"Yes, this was the first song that we started work on and it's about the power of ideas and what people can do with ideas - like turning them into reality. We also touch on what happens when those ideas and designs fall into the wrong hands."

Talking of power falling into people's hands, does it frighten you that one person can command an enormous amount of power on his own, like the President of the United States, Ronald Reagan, for instance?

"Yeah, that's real frightening, but it's just the way things are and there's absolutely nothing you or I can do about it. There's a lot of power in a lot of hands -good and bad - and, in fact, everyone has their own little bit of power, even down to the power your wife or girlfriend may have over you and vice versa. This is something we discuss in 'Emotion Detector'. But yes, to think that one person has enough power in his hands to destroy the entire world...phew!"
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'Manhattan Project' seems to tie in with this idea of man creating something too big to handle...

"Yes it does. That was a difficult song to do, actually, we had a lot of trouble with it. Neil especially had problems, because he wasn't writing from an observer's point of view; rather he was taking facts - and he really researched it thoroughly - and turning them into an objective point of view.
"But the song is about the power of science and technology, and how we use it. It's also looking forward optimistically and trying to take the good with the bad; trying to use science to our advantage in securing our future."

Yes, because this is the first time in history that man actually has the means to destroy his own existence ...

"...A few times over as well. What can you say? It's a very unfortunate situation and it's too bad that we can't all live together in peace as one global family. 'Territories' deals with that in another way, by saying that if we could loosen the boundaries between us a bit, then perhaps we would all get along. Why can't we be universal citizens instead of separate people stuck in our own little countries, apart from other human beings as if they were a different species? We may all be different, but we're all the same as well."

WAS THE apartheid situation in your minds when you were writing 'Territories'?

"Well, we weren't specifically thinking of that, but yeah, that is very much a part of it. We have territories in the sense of our own countries, but we also have territories within territories, like the apartheid thing, and we are saying, 'Why does there have to be these dividing lines?'
"That song was also a difficult one to work on. Neil brought the lyrics to us - it's always important that he and Ged go over the lyrics, after all, Ged has got to sing them! - and we found that they were very wordy and more story-like than usual. Neil likes to be as complete and succinct as possible when he writes, but this time he had written in more of a drawn-out way and Ged had real problems when he tried to sing it. So Neil took it away and came back a few days later with are-written version which got the message across directly, had the right verbal pacing for Geddy to sing and was generally better all round."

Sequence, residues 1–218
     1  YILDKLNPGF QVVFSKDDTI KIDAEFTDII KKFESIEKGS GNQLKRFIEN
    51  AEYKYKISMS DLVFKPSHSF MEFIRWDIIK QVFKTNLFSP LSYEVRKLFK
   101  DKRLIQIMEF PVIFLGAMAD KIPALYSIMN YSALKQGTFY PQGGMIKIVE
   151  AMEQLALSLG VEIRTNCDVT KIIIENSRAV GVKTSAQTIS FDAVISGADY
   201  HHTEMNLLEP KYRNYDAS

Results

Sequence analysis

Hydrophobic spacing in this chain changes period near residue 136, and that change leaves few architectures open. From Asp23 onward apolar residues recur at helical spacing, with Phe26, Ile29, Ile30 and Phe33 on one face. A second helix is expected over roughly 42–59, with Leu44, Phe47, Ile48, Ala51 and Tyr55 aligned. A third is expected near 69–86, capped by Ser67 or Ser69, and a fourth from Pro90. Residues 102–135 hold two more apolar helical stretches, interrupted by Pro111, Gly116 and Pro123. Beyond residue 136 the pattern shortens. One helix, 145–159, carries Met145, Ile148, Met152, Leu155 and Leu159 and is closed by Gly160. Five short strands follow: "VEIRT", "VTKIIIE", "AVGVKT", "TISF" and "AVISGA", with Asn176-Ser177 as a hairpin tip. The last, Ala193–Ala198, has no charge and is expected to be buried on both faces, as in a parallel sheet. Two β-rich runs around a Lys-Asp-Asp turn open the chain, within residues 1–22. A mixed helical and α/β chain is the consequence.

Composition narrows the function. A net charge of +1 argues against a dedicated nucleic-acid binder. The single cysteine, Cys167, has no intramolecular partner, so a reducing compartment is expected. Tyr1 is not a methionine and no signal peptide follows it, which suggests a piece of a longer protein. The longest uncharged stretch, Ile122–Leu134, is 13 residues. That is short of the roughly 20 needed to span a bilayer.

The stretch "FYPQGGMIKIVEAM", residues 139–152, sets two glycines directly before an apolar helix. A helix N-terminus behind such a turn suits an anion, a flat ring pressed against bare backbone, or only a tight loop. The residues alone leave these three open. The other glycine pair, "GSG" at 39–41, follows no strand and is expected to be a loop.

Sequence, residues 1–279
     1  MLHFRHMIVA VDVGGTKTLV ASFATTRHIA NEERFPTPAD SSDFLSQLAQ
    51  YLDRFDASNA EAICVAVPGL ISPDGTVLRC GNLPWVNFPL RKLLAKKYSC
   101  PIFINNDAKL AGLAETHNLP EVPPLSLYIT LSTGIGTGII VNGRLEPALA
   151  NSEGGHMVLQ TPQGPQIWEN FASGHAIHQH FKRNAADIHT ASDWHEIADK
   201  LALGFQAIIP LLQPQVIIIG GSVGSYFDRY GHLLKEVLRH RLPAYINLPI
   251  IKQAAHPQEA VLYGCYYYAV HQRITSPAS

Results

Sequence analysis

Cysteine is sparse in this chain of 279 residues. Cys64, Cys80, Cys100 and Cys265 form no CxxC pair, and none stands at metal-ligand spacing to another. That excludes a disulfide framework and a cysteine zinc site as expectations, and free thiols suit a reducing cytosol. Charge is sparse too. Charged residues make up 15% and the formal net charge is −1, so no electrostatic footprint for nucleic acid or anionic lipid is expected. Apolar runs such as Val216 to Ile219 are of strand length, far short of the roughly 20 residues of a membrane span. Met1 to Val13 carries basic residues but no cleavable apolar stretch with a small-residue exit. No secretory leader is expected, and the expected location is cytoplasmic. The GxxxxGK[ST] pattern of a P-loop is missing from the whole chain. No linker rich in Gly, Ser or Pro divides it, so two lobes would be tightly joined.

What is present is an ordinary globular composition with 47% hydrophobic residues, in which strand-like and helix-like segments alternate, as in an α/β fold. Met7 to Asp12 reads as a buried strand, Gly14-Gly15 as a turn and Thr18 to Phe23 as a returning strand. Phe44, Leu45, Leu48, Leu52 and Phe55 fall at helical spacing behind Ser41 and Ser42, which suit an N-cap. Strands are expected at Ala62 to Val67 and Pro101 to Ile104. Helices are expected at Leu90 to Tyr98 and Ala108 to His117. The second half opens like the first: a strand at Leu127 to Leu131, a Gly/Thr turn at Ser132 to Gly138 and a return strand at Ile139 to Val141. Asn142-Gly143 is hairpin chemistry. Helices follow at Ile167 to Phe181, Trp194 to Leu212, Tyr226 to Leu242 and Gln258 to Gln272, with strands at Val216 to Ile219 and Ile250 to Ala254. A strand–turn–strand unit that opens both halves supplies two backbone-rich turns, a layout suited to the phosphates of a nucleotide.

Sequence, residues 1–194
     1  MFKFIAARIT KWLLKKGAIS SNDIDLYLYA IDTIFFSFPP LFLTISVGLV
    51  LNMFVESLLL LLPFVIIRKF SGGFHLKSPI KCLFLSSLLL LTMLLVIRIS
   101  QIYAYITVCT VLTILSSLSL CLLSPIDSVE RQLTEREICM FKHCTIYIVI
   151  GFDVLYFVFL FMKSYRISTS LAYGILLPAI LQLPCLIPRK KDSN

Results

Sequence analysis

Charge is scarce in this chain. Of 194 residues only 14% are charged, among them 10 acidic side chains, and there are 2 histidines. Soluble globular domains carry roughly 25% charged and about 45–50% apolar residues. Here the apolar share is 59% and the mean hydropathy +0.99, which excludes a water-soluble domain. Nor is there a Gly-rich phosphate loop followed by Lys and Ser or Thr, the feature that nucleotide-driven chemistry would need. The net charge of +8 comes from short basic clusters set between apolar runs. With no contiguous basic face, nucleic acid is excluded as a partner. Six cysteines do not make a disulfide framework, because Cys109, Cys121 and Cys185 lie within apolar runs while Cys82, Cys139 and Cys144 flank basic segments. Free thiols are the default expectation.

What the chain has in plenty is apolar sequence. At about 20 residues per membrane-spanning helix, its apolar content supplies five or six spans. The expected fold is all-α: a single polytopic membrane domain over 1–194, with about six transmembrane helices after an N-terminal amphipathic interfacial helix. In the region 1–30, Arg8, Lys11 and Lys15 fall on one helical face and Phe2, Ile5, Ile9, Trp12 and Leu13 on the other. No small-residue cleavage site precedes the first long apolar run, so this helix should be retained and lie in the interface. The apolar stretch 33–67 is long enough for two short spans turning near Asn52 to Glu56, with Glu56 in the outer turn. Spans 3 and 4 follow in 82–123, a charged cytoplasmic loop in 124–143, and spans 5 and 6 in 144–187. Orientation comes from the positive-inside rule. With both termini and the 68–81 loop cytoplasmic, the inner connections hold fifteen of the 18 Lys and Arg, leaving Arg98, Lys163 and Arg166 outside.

How about 'Marathon' - was that a marathon to record?

"We thought it was going to be a marathon at first, because it's made up of so many parts and each part is so different. But oddly enough, we just went Bang! Bang! Bang! and flew through recordings. All the parts locked together like a big jigsaw puzzle and it was great...Whereas 'Emotion Detector' was the opposite - we thought it would be easy to do and we ended up having real problems.
"Again, this song deals with power - the power we have within us to push and drive ourselves towards the goals that we aim for. It's not an easy road, in fact it's always an uphill climb, but it depends on how much of our inner power we want to use to get us to the end of the road.
"I think this song is real close to Neil. He took up cycling during the last tour - the biggest enemy you have on the road is boredom, and even though we love what we do, the routine of it all is tiring - and his goal was to hit 100 miles on his bike every time we had a day off. He would take his bike out at six or seven in the morning and just disappear until six or seven at night. He has this drive within him which pushes him forward all the time, and 'Marathon' really concerns this aspect of his character."

What do you do to amuse yourself on the road?

"Drink heavily, umm...ha! Well, I got my pilot's licence a number of years ago and I occasionally do some flying when we have time off. I also took up scuba-diving a year ago (I thought he said 'slam-diving' for a moment there, Geoff), but it's not that easy to do when you're touring - especially when you're playing in a desert in New Mexico or something!
"Also, Geddy and I play a lot of tennis (you'd better start brushing up on your underhand, Janice), because that's a great outlet for energy and frustration. We can just get out there on the court and burn off anything which is pent up inside us...and we have a lot of fun, too.